May 17, 2010
It's been an exciting few weeks in sports.The NFL draft, NBA and NHL playoffs, Tiger's return and recent withdrawal due to neck pain, baseball season, and our kids' spring sport championships all come to mind.Everyone is playing to win and that sometimes takes a killer instinct.Do you have it? Can you develop it? Read on ...
Let me clear up a misunderstanding first ... a "killer instinct" is not mean, unsportsmanlike, or over-aggressive. Simply put, it's when an athlete ignores the score and continues to give 100% until the game is over. And, I would argue that we should train all our young athletes this way.
Why athletes don't put opponents away
Some athletes don't want to "run up the score" when comfortably ahead. These athletes can be accused of unsportsmanlike behavior or disrespecting their opponents. Even the 2007 New England Patriots (a professional sports team with athletes who are paid millions to win) were accused of this when they went 16-0 in the regular season ... Click here for more >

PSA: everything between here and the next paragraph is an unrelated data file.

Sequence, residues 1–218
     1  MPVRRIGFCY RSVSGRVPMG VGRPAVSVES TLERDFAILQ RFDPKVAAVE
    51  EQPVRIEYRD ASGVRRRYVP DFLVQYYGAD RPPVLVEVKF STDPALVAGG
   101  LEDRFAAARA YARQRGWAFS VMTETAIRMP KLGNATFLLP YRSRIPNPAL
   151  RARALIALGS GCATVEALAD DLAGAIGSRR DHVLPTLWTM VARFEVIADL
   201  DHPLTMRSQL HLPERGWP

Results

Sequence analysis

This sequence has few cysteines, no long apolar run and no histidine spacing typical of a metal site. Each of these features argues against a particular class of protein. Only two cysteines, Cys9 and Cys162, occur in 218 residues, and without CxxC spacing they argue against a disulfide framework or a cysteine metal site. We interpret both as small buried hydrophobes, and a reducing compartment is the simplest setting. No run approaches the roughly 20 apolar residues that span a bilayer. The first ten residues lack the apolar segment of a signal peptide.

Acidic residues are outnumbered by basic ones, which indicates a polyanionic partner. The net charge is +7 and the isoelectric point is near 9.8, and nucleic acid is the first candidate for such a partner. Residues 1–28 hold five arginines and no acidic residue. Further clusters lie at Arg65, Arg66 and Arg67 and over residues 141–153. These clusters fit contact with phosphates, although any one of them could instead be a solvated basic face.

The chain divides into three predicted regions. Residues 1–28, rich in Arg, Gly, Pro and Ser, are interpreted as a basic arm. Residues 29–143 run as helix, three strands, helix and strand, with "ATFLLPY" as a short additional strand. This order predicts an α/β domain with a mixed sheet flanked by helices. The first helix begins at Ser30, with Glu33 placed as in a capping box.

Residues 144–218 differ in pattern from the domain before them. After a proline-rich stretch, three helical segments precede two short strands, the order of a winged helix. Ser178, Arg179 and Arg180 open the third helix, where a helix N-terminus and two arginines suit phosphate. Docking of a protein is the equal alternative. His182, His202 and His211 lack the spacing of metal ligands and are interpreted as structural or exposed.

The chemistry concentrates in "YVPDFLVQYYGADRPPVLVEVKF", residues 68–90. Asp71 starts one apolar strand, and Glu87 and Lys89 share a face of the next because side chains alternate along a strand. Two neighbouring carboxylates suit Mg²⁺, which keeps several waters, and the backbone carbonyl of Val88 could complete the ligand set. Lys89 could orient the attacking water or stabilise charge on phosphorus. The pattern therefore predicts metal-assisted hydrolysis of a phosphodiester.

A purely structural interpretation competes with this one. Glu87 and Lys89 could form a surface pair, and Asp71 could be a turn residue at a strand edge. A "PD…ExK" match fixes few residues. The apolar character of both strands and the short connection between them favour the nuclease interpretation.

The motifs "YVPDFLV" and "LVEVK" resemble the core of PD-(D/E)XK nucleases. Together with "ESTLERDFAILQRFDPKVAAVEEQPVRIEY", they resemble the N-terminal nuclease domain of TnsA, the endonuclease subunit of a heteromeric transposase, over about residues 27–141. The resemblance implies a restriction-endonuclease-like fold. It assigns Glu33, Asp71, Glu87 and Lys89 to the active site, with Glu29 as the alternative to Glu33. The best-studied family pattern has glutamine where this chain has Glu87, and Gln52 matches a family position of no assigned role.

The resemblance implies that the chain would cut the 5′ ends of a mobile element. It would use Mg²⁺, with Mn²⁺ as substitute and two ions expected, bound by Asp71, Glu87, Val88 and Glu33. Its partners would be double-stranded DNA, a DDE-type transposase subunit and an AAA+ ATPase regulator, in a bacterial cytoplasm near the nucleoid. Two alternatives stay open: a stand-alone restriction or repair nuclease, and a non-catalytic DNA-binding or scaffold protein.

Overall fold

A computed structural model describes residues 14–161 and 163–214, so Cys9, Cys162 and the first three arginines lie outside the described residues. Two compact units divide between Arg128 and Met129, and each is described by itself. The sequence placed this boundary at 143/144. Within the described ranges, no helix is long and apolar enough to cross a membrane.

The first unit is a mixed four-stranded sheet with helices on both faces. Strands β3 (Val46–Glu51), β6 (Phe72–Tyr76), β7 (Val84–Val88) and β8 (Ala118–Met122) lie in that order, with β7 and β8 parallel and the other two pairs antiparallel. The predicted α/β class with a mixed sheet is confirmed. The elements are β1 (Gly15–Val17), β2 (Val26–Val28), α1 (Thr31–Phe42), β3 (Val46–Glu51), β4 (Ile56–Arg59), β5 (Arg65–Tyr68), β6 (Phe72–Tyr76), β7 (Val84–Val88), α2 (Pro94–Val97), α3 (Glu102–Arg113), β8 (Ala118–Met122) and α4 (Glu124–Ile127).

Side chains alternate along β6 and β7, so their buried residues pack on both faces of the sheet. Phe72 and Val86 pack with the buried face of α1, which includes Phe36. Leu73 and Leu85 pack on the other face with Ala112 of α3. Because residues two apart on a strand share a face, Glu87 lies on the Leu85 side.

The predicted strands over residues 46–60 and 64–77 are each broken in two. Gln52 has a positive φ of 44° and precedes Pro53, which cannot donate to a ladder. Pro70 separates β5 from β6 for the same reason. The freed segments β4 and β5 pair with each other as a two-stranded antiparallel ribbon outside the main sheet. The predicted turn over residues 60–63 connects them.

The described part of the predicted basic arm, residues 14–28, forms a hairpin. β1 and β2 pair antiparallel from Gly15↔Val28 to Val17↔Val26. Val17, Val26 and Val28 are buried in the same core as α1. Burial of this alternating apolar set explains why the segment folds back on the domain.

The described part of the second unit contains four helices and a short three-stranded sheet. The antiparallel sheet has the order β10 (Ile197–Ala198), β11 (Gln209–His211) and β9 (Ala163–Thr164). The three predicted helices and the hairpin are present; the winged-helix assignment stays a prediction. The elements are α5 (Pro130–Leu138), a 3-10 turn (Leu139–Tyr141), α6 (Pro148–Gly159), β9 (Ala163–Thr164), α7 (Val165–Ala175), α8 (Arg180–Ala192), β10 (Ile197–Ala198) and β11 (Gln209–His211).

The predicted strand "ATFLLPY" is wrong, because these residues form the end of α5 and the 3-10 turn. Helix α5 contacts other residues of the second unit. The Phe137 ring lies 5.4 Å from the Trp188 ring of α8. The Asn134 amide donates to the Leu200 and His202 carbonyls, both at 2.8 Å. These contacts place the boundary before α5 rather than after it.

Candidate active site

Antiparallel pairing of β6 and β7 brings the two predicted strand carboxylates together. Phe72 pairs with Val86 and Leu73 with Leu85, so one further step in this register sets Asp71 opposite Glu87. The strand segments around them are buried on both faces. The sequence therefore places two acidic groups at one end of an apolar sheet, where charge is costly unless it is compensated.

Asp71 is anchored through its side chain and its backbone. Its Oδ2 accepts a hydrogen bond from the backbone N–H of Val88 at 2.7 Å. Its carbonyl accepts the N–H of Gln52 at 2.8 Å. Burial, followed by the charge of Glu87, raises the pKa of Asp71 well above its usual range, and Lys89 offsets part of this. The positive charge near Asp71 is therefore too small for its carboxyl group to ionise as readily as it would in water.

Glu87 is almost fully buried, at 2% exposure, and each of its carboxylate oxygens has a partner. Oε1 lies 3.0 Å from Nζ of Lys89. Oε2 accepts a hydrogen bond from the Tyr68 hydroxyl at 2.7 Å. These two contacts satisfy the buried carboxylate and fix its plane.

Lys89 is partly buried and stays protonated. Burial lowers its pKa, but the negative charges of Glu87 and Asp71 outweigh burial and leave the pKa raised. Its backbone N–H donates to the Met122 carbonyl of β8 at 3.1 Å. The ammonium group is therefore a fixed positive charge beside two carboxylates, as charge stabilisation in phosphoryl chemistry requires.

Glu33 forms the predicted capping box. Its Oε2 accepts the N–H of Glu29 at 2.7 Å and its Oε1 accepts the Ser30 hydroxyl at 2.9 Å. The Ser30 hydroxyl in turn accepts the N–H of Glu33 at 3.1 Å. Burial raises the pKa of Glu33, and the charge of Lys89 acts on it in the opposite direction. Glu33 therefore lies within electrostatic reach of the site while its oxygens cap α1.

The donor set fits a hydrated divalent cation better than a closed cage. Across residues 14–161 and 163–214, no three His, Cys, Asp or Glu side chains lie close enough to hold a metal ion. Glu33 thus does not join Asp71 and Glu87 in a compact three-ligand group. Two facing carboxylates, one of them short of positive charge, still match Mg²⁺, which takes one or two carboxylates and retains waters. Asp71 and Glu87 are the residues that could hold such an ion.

I couldn't disagree more! You should respect your opponents enough to give 100% at all times and kick their butts! By consistently playing at 100%, you train yourself to play at a high level every time you play. This decreases anxiety and increases focus when you are behind or in championship games. You're confident that you're giving your best. There is no reason to "try harder" and you are free to focus on execution.
Letting up on your opponent is not being nice. Some athletes, in fact, are insulted because you're not giving your best. You set your opponents up for a comeback by increasing their hope and confidence as you slow down.
Develop your killer instinct
- Commit to playing to your own standard of excellence, not up or down to the level of your opponent.
- Give 100% at all times.
- Set aggressive performance and process goals, minimize focus on the expected outcomes (e.g., the score, win or loss)
- Keep your psychological and physical intensity up. Athletes tend to relax when playing with a lead. Find a way to challenge yourself every play.
- Remember you haven't won anything until the game is over. Avoid thinking about the future result and focus on the present moment in the game.
|In the News
Great podcast with ESPN's Mike & Mike
as they debate the actions of a college golfer who purposely lost a playoff hole to allow an opponent to make the cut. Listen >
Endurance athletes - I talk about pushing thru the pain in this 5/3 River Bank Run podcast. Listen >